Before we start to build the site, we need to be clear about its structure and the content required to create it - the information architecture.

Your site map is a visual tool that tells you how we recommend the pages on your site are organised to make life as easy as possible for your most important visitors.

We will work with you to understand how site visitors should optimally interact with your site and define clear user journeys, with a particular focus on high-impact pages – i.e., the pages that must deliver the best possible user experience as these are the pages that deliver most against your business goals.

We will use this information to create high-definition wireframes for selected high-impact pages. Your wireframe is a working model – a framework devoid of colours or design – that you can click through to understand the structure of the website. It illustrates the components of each page and how the pages link to each other. It gives you a real feeling of the user journeys we have designed for your website visitors...

There will be key areas of the site that require far more attention and design work than others. In building a house you would expect to invest more of your architect’s time in designing the high-traffic, key living spaces (where users will spend the most time) such as the kitchen, lounge area and master bedroom; so it is with websites. The home page and other key pages in the journey are where the most design time and the best materials/assets are deployed (video, infographics, white papers etc.).

A more templated approach to less important areas (such as privacy policies, terms and conditions site maps) will probably suffice.

Intergage has also developed many great-looking, best-of-breed templates for common pages such as “About us” and “Contact Us” pages that you can choose to deploy to reduce costs and improve the speed of delivery.

Any bespoke or unique page components or features need to be carefully specified and documented so all parties understand exactly how they will work.

With the framework, functionality and page components specified and agreed upon, it is time to ensure you select the technology platform that provides the functionality, integration's, security, and performance you need. Intergage will help you ensure that your platform is appropriate for your needs and fully supported with business class hosting and support.

Once a website is built and handed over, we fully expect that site to be maintained and updated by your marketing team (although we are happy to provide this service if required).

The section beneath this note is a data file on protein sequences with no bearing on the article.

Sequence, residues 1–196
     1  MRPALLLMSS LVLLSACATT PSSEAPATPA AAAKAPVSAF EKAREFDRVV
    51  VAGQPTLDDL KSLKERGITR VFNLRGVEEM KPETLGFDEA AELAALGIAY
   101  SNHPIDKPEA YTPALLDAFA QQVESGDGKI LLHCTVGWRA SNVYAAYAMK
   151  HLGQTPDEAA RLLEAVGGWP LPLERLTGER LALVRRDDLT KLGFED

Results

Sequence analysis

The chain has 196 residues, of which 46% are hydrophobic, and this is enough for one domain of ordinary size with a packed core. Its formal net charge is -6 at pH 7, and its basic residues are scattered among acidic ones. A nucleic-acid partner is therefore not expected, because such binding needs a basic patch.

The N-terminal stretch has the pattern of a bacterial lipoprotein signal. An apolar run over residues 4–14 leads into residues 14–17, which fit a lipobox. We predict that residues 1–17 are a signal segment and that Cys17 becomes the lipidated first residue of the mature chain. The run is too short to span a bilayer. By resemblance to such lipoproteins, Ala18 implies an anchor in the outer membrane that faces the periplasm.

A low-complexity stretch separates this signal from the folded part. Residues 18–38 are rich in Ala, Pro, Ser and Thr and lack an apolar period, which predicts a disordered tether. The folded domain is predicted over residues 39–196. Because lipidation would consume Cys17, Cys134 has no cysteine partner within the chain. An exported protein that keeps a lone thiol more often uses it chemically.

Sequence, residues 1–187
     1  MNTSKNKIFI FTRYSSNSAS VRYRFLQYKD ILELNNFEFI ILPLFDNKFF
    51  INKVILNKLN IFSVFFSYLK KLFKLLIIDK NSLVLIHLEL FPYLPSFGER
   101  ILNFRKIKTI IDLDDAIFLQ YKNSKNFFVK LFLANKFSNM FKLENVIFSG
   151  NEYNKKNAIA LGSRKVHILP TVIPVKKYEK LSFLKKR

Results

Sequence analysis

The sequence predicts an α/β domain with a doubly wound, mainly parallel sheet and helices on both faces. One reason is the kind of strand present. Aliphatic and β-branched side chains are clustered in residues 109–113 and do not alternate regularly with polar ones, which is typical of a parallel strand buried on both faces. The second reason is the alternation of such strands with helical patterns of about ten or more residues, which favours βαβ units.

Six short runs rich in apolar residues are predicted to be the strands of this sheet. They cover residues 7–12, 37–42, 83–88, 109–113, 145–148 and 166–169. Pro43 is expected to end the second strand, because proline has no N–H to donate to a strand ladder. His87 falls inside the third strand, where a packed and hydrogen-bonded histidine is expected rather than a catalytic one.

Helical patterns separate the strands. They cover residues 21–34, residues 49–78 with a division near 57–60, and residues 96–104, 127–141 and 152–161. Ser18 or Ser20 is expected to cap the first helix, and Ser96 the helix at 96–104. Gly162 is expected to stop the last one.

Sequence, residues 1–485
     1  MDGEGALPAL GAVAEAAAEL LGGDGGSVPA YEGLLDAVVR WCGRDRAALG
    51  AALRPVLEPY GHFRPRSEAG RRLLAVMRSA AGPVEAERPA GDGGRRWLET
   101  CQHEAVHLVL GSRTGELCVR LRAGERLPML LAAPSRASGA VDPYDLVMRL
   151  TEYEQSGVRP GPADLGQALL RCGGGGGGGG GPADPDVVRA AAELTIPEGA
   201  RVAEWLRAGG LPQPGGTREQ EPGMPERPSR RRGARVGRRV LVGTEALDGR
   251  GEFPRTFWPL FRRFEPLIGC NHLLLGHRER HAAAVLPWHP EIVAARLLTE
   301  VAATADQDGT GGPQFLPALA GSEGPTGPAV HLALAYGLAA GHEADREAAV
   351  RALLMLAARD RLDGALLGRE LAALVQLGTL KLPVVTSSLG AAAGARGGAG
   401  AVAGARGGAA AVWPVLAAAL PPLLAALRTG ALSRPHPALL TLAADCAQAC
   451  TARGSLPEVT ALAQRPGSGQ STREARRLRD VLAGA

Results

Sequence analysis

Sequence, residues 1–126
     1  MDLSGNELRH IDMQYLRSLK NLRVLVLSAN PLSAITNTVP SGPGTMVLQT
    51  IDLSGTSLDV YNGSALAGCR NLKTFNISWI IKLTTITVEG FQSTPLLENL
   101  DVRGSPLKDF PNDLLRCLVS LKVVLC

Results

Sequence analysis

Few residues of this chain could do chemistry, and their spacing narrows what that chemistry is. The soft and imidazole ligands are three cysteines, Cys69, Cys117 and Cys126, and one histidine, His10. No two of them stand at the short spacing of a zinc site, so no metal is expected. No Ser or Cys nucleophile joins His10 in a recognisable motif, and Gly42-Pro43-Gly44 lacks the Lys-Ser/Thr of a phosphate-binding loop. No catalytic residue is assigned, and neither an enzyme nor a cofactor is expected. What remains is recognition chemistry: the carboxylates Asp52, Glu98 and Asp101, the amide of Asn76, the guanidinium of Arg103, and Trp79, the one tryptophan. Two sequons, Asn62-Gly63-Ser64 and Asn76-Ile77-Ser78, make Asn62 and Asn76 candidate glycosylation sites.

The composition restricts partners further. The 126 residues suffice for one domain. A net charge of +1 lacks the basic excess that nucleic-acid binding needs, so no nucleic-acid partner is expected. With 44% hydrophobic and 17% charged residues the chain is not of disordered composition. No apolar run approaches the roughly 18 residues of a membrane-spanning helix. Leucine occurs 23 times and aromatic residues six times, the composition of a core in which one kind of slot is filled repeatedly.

Every Intergage website is built with a content management system that will allow you to add pages, blogs, news articles, and events – everything you need to update, market, and manage your site on an ongoing basis.

Typically, these platforms can also be expanded to encompass CRM, Marketing Automation, email, and more, if required.

Phase 3

Phase 3a - Content

All the work done to date has led you to the content and design stage of the project where 40% of the overall budget should be invested.

The wireframe informs us of the pages and content items we need to assemble. Now you have a detailed plan, you will know the precise size and scope of your website build project.

At this stage, the strategists’ and architects’ work is done, it’s time for your project manager to step up.

Page titles, descriptions and meta-data need to be crafted to ensure search engines and users alike can easily identify and find the right content.

You must evaluate what content you have, whether the quality of the assets available is sufficient for your new site and which of the new content assets you need to create.

  • How much copy needs to be written (and by whom) and proofread?
  • Is a comprehensive branding and content assets audit required?
  • What photography, video, and animation assets are required?
  • How many high-quality images may need to be sourced or created?
  • Which iconography and infographics need to be designed or sourced?
  • How many lead magnets / download-able resources do we need?
  • What bespoke website features need building?

It is time to reality-check the initial budget. Does it still fit? Assuming that the original budget is still adequate, we agree a collaborative project plan to assemble and create all the assets required.

It is possible that the original budget will not cover all the content you would ideally like to create. After all, the plan will have evolved throughout the process.

If so, we must ask ourselves:

  • Do we need to re-visit the budget or take an alternative approach?
  • Can we compromise what we create in version one of the new website and create a wish list for a second project when more budget becomes available?
  • Can we build the most important and essential elements of the site now and build the rest later when more budget is available? Will you take whole or partial responsibility for the creation of additional content and assets if they are required, and if so, what impact is this likely to have on the project timelines?

Your Project Manager will now create a list of the assets required and manage the production of those assets to the agreed budget.

This can be a resource-heavy process. Sourcing. Editing and formatting images is time-consuming and creating video and animation are mini projects within the larger project. It may be necessary to allocate further budget to these items.

Copywriters must adopt your tone of voice for your corporate personality to shine through. The brand guidelines (and tone of voice guide) are relentlessly used to keep media and messaging look and feel consistent. We recommend reviewing the Intergage ‘Marketing Journey’ paper for guidance on this.